Finishing Exterior Teak Furniture

Recommendations for a renewable oil finish for teak furniture exposed to weather. December 8, 2006

We are building some exterior teak cabinets (will be in an enclosed porch, no rain, only some sun and temp swings). Is there any particular oil that you would use on the teak? I know teak is already oily, but just sanding it and sending it raw seems wrong. Our goal isn't 100% protection, and we do not want a film finish. What would you suggest?

Forum Responses
(Finishing Forum)
From contributor C:
Try searching this site. There have been some detailed discussions of teak finishing. Teak oil sounds right for you. I think that Siikens makes one.

From the original questioner:
Thanks. I did that just now and found the common consensus that teak is just not going to hold an outdoor finish very long (some better than others). Our likely route will be either true Tung oil or Siikens' Cetol. With the Tung oil we can give the customer the leftovers (along with a flammability warning) and advise them to swab them down every month or three if they want them looking nice and brown rather than silver.

From contributor D:
Try burnishing in a good quality spar urethane with raw tongue oil. We use 1/2 poly and 1/2 raw tung. Add 4 oz. Japan drier to your mix. Store in this form for daily use, but you must dilute 50-100% with VM&P naptha or spirits before application. D-limonene or citrus solvent works as a good enviro-solvent (some clients like that). Apply by flooding the surface and then rubbing the hell out of it with a polisher or by hand. We usually burnish wet with #1 or #0 steel wool to cut smooth. This really improves the iridescent qualities of the wood. Once smooth, burnish until dry with bright red buffer pad like you use to wax hardwood floors. I have seen others use wool socks, carpet pieces, etc. I like power tools for this, like a Rotex polisher. Do not over-build. Keep the finish at the surface and there is nothing to peel.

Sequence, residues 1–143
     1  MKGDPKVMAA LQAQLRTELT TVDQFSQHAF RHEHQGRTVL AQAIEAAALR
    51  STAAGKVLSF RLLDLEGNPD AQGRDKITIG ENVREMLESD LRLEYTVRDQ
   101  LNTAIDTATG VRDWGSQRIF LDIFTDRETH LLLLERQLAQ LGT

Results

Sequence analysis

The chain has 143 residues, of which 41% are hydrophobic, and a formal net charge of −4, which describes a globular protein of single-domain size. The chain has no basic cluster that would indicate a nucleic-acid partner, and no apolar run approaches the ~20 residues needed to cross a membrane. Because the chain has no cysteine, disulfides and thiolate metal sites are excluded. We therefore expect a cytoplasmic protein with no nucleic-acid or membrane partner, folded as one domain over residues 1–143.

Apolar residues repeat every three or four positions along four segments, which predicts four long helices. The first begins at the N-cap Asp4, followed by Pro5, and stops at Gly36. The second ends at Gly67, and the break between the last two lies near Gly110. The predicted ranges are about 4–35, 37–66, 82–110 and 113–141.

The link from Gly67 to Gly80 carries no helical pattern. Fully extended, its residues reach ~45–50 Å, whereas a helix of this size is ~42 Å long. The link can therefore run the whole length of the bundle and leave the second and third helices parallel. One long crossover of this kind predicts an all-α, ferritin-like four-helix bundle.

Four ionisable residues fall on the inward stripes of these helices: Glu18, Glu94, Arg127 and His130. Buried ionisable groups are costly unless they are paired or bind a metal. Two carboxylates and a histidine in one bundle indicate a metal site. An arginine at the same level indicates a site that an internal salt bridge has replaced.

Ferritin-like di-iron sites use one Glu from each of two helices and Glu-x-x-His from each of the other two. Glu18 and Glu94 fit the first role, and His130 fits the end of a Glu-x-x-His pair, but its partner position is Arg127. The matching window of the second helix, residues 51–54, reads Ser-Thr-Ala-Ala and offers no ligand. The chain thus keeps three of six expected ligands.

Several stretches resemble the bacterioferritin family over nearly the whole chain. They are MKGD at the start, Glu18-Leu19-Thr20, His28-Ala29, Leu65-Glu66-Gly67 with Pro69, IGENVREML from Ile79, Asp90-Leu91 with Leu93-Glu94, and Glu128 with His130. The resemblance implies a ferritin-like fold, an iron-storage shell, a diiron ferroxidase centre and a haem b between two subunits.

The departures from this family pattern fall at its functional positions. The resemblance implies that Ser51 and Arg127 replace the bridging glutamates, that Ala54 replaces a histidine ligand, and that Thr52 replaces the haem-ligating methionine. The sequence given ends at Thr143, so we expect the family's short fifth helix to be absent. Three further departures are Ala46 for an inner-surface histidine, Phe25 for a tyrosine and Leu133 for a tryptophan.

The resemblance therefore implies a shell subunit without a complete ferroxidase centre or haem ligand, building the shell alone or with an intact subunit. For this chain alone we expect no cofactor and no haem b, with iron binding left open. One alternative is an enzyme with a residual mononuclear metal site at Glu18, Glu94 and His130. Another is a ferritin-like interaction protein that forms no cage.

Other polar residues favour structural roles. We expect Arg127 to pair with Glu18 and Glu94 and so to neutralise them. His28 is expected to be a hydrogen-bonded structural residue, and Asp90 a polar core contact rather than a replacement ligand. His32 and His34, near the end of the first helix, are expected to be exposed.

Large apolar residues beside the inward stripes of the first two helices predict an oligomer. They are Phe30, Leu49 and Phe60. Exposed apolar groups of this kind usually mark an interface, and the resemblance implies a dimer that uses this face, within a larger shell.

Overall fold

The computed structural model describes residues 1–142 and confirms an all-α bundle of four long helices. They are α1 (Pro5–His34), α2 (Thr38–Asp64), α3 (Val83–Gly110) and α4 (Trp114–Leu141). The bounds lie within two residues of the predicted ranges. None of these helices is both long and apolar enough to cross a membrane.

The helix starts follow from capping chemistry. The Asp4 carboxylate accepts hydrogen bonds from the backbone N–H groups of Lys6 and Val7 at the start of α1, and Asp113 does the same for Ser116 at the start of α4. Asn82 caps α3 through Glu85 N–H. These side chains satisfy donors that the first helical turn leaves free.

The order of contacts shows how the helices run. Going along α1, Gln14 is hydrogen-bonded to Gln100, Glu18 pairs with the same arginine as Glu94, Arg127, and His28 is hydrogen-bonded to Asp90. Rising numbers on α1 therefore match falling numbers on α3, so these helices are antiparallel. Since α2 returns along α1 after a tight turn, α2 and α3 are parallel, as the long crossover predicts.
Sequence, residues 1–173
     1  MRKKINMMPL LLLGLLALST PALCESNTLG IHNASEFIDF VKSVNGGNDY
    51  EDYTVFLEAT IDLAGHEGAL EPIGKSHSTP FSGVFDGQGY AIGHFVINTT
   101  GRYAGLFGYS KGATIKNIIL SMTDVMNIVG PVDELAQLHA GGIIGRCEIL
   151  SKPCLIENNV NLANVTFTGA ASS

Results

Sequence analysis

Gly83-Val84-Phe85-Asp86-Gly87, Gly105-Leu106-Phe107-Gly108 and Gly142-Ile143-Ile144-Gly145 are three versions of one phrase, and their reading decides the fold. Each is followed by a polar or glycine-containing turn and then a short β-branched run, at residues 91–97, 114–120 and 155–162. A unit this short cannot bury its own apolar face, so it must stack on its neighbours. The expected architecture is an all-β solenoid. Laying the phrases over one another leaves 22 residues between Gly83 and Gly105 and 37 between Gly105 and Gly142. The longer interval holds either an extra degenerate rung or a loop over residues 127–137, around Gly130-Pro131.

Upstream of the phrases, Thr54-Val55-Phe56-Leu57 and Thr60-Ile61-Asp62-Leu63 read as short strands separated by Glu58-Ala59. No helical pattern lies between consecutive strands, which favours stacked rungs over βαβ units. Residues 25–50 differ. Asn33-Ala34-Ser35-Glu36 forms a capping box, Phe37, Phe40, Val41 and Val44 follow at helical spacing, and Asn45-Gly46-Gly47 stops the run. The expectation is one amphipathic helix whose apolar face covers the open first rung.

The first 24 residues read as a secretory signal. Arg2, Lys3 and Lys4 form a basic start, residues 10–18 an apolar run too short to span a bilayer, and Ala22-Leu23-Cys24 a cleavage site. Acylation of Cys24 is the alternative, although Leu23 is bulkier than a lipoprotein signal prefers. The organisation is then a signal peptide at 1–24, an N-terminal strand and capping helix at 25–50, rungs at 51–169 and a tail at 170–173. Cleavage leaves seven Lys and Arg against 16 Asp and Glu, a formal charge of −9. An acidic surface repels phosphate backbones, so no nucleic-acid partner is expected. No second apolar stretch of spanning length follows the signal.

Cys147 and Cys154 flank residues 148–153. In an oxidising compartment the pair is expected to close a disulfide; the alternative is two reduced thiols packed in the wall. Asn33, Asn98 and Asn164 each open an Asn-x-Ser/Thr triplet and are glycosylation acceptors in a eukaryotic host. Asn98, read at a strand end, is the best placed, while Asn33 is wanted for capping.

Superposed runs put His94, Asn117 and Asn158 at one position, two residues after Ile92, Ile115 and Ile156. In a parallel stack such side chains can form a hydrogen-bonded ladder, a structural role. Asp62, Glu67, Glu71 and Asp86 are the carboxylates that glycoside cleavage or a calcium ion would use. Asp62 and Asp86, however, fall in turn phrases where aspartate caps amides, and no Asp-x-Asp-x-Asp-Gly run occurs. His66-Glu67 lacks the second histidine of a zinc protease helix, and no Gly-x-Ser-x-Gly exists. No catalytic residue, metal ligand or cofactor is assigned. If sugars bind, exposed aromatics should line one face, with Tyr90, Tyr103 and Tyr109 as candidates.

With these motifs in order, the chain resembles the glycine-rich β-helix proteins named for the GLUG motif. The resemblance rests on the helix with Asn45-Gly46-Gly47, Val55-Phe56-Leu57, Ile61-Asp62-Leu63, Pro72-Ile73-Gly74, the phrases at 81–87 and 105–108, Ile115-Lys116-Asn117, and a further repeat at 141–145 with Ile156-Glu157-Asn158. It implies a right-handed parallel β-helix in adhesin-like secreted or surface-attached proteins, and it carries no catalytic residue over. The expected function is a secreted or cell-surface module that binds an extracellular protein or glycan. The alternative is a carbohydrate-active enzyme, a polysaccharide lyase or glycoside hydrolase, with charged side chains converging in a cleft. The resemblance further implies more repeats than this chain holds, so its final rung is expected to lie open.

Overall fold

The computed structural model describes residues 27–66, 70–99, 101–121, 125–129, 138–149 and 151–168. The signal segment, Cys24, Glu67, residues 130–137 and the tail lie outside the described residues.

This finish is renewed easily and later, maintenance coats are very low solids. I give a version with citrus solvent to our clients to use as polish. Better too much than grey or water damaged wood. Overbuild can be steel wooled off later. We have 220 grit finished pieces in the weather and only re-oil yearly. Nice trick for southern Indiana. Dilutions and methods vary by species and stain/color processes and will become second nature with experimentation. I first heard of this type of penetrating oil mix from literature on the work of George Nakashima. Now we don't like anything else. User friendly, low flash, no fail!